Serving those who have served: UAW-Ford program teaches veterans how to weld


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Some are homeless. Others are missing limbs or facing other serious issues as a result of their service in war-torn places such as Afghanistan and Iraq. But all of the participants in the UAW-Ford Veterans Welding Class have the same desire to improve their lives by learning a trade.

Vets participating in the program at the UAW-Ford TTC speak with their instructor.
Vets participating in the program at the UAW-Ford TTC speak with their instructor.

The 10 veterans taking the six-week course at the Ford Technical Training Center in Lincoln Park, Michigan, are grateful for the opportunity the free course jointly operated by the UAW and Ford presents.

“They’ve given me the opportunity to better my skills, and I’m not going to pass that up,” said Darryl Soulet, a homeless Navy veteran from Detroit. “I was lucky to get in this class at the last minute. I am very grateful for this. This will strengthen my resume even more.”

The course is taught by retired UAW-Ford skilled trades members who are eager to teach the next generation what they have learned in decades of work in Ford plants. Being able to pass that knowledge on to veterans in need makes their work in “retirement” much more meaningful, said Paul Peer, a retired UAW tool-and-die welder from Ford’s Rawsonville, Michigan, plant and a member of Local 898.

They’ve given me the opportunity to better my skills, and I’m not going to pass that up.

“They could have been killed. They made a sacrifice, and it’s kind of like paying it back,” said Peer, a U.S. Air Force veteran.

UAW-Ford Vet Welder
A veteran performs a weld at the UAW-Ford TTC

Indeed, the veterans who have taken the welding class know sacrifice. Peer and his fellow retired UAW skilled trades members have trained veterans who live in homeless shelters, such as Soulet. They’ve also trained veterans with serious injuries, such as Derek Holman of Las Vegas. While serving in the Marines in Iraq and Afghanistan, Holman had shrapnel from a 107 mm rocket pierce his carotid artery and was also injured by an Improvised Explosive Device (IED).

Holman plans to use the welding skills he’s learned to go into business for himself. And he believes he’s found the perfect place: Wearing full welding gear and working when the temperature in Las Vegas gets above 100 degrees isn’t for everyone.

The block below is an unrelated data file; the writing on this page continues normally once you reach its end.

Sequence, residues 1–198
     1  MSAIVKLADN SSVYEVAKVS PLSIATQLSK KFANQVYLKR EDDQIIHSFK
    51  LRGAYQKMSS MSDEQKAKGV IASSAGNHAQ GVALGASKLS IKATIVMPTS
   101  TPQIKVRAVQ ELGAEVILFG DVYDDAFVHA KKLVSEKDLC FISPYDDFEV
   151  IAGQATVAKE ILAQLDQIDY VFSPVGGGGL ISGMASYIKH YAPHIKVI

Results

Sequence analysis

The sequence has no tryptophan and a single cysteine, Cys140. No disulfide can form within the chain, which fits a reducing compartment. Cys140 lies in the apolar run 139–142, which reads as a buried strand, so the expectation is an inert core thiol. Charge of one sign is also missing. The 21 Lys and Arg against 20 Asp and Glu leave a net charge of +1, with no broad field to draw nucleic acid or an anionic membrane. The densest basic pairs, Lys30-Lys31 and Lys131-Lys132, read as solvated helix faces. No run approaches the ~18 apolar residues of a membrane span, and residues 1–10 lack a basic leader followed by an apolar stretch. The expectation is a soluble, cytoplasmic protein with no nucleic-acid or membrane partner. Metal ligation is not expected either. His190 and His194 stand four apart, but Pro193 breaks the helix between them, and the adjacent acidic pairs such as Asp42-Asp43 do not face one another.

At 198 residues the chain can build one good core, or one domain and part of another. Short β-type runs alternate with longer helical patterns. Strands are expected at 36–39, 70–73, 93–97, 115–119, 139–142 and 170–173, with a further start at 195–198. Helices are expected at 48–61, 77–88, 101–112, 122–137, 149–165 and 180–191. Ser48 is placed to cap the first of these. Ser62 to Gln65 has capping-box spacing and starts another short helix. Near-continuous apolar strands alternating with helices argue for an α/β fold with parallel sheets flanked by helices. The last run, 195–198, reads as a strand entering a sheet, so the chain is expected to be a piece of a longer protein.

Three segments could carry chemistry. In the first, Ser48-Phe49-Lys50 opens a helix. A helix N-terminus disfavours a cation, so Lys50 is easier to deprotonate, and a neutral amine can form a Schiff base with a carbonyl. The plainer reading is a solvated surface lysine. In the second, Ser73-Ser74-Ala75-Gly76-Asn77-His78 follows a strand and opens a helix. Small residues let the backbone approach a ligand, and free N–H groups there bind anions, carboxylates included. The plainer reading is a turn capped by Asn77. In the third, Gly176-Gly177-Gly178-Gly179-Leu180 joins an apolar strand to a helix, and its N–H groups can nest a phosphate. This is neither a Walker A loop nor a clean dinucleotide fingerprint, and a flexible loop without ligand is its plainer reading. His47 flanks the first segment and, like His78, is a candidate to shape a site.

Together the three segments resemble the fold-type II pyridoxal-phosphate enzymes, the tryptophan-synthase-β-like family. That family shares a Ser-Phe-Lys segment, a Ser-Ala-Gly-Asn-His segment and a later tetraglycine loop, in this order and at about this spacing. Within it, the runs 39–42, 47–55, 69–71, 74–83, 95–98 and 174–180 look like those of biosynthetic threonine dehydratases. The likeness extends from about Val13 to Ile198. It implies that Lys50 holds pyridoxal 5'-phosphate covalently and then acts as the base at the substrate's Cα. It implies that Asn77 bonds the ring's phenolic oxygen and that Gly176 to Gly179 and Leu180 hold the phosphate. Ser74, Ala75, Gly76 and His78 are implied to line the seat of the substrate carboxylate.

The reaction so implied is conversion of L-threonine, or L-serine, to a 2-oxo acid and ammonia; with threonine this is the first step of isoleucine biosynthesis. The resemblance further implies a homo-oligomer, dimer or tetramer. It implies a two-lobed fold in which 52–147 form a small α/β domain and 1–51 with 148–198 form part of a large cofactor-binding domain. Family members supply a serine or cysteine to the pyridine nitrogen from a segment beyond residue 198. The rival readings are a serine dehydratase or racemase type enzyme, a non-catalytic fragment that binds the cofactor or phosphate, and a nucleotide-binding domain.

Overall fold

“No one really wants to do it,” he said.

vets weld and instructors
A veteran assesses his weld with the help of an instructor

The course accepts veterans from all over the country. The course and lodging are paid for by the Veterans Administration. Ford and the UAW provide breakfast and lunch, as well as the expertise. The veterans are taught various welding methods such as Shielded Metal Arc Welding (commonly known as “stick”); Gas Metal Arc Welding (MIG); Gas Tungsten Arc Welding (TIG); Oxy-acetylene welding cutting and brazing; plasma cutting; and brazing and soldering. They learn about various joints such as lap, butt, corner, edge and tee, and also learn how to weld in six positions.

The goal of the program isn’t to turn these veterans into instant journeypersons. Rather, the goal is to get them a foot in the door at companies looking for those with welding skills. Upon passing a test at the end of the course, course participants are certified by the American Welding Society. Some have been hired by Ford into the production ranks with an eye toward becoming an apprentice someday.

“Some of them do exceptionally well,” said Local 898’s Richard Oster, who retired from Rawsonville with more than 42 years seniority. “All of them take away something.”

vet instructor
A veteran receives instruction at the UAW-Ford TTC

Oster recalled that one veteran, despite being the hardest worker in his class, had tremors so bad that he couldn’t pass the certification test. But that wasn’t his goal.

“He said, ‘It’s good therapy for me.’ He loved it,” Oster said.

Both instructors said veterans benefit from the discipline they learned in the military. Not only do the veterans need to closely follow the journeyperson’s instructions on techniques, they also need to understand the serious safety issues when working with dangerous gases and hot welding equipment.

“They are well disciplined. They listen. They pay attention,” Oster said. “Give them a goal to achieve and that’s what they work for.”

Gerald Towns, a Marine Corps veteran, is currently homeless but has a goal: Use this program to eventually land a job at Ford.

“I’m taking advantage of this opportunity,” Towns said during a break. “I want to make the most of it.”

He and other veterans credited the instructors with helping him to move closer to his ultimate goal.

“I’ve learned a lot from these guys,” Towns, a Detroit native, said. “They’re very particular, very informative and always willing to help you.”

Veterans and instructors pose for a photo at the UAW-Ford TTC
Veterans and instructors pose for a photo at the UAW-Ford TTC

“They’re great. They’ll take the time,” Holman added. ‘They’ve got patience. That’s a pretty big one with us.”

UAW Vice President Jimmy Settles, who directs the union’s National Ford Department, praised both the veterans and their instructors for making a difference in our country and in our community.

“There is no better way to say ‘Thank You’ to our veterans than by training them for a job that can provide them with a decent standard of living. They are due that and so much more,” Settles said. “Our UAW instructors aren’t really ‘retired.’ They’ve simply moved on to different work. And the work they do in training our veterans is a credit to them and to our union.”

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